As the government continues to come up fire for failure to ramp up testing fast enough, it has emerged preparedness plans were never put in place.
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Public health officials failed to consider the need for mass community testing in the UK, despite warnings from the World Health Organisation (WHO), according to The Telegraph.
A senior government adviser revealed planners "did not discuss" testing because they thought the next outbreak would be an influenza not a virus.
Ministers and officials from Public Health England, the Cabinet Office and the Department of Health decided against drawing up plans for mass testing, after WHO warned in 2005 it would drastically slow the spread of disease.
Chairman of the official committee advising the government on infectious disease and coronavirus Professor Graham Medley said: "that may have been a mistake".
Health Secretary Matt Hancock last night promised that by the end of the month the UK would be testing 100,000 people a day in a five-pillar plan to stop the spread of COVID-19.
But the government has come under attack from all sides over its failure to organise mass-testing as soon as coronavirus started to spread rapidly through Britain.
The WHO warned countries in 2005 that testing was critical to fighting a pandemic in a document called Responding To The Avian Influenza Pandemic Threat.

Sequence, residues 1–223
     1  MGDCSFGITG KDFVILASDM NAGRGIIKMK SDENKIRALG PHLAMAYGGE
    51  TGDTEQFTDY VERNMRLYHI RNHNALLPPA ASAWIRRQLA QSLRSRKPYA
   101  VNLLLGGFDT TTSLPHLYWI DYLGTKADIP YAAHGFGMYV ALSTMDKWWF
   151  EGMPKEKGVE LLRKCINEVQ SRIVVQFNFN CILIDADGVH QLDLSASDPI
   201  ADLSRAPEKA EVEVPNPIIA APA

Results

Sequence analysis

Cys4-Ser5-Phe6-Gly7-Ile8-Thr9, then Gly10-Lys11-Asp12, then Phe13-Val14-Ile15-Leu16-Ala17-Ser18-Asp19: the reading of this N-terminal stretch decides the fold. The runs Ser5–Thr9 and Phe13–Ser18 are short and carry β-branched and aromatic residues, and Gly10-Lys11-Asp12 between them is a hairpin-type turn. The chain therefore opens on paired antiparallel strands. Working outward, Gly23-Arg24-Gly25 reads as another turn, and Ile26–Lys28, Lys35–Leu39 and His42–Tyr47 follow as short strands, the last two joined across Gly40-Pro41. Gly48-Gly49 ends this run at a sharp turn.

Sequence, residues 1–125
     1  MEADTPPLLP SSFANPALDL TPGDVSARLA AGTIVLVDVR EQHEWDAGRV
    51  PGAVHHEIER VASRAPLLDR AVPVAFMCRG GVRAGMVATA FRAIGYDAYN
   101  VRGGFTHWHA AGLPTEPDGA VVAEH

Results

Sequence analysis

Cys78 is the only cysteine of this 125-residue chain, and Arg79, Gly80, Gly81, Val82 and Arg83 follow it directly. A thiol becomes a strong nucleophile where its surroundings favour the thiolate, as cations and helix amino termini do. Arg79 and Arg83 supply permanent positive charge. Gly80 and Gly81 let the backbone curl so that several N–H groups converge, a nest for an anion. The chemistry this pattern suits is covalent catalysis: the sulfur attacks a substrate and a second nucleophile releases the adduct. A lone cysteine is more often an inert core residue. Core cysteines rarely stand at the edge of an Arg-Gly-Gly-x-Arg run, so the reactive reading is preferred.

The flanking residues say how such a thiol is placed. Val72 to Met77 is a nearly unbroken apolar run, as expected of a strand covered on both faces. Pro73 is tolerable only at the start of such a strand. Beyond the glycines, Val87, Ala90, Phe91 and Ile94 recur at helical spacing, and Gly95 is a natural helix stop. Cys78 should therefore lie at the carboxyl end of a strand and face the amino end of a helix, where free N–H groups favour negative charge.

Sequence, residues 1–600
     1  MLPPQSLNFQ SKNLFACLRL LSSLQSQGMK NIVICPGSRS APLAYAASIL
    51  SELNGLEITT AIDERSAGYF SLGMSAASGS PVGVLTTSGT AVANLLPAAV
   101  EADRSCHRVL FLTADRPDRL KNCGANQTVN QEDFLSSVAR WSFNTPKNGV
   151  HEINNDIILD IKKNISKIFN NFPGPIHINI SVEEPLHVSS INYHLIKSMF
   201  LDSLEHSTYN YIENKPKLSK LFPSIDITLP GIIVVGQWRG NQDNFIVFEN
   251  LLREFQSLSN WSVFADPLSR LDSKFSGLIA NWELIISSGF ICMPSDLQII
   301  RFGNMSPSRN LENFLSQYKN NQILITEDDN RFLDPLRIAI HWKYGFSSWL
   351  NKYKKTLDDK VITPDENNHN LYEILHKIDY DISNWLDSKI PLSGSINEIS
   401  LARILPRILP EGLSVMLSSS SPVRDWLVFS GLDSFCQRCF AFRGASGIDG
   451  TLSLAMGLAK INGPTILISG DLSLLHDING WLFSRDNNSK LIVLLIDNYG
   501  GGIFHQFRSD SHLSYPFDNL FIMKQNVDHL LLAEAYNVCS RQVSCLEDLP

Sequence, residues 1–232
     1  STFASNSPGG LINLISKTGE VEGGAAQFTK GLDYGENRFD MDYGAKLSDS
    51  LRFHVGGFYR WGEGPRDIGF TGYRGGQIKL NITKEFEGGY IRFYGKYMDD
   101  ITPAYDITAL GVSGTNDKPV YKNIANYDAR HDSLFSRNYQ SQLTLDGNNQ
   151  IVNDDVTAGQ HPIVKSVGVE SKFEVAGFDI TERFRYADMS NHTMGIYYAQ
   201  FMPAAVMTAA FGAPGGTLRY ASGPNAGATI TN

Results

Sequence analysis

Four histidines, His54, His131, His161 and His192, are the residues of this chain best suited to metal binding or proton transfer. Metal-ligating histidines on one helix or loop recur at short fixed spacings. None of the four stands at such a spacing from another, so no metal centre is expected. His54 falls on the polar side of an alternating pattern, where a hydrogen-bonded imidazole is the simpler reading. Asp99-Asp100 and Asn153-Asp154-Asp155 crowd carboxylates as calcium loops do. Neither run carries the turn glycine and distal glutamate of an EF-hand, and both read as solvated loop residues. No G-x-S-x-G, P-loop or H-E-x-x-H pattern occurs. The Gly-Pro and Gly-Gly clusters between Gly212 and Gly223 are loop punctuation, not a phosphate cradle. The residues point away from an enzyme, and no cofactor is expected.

The document warned: "Because the initial symptoms of H5N1 (bird flu) infection mimic those of many diseases common in these countries, accurate case detection requires the testing of large numbers of samples."
"Improved local capacity is therefore a more rational solution."
Senior Whitehall officials confirmed that the need for mass testing "did not figure in our thinking" when drawing up pandemic plans, ignoring the WHO advice.
One senior Whitehall official said: "We didn't plan for mass community testing at all, no. You could argue that was the wrong thing to do."
"We focused on influenza because we believed it was the next one coming down the track. It's fair to say that next time we would take a vastly different approach."
He added: "There is no reason why Public Health England and ministers couldn’t have reached out and got this thing going earlier."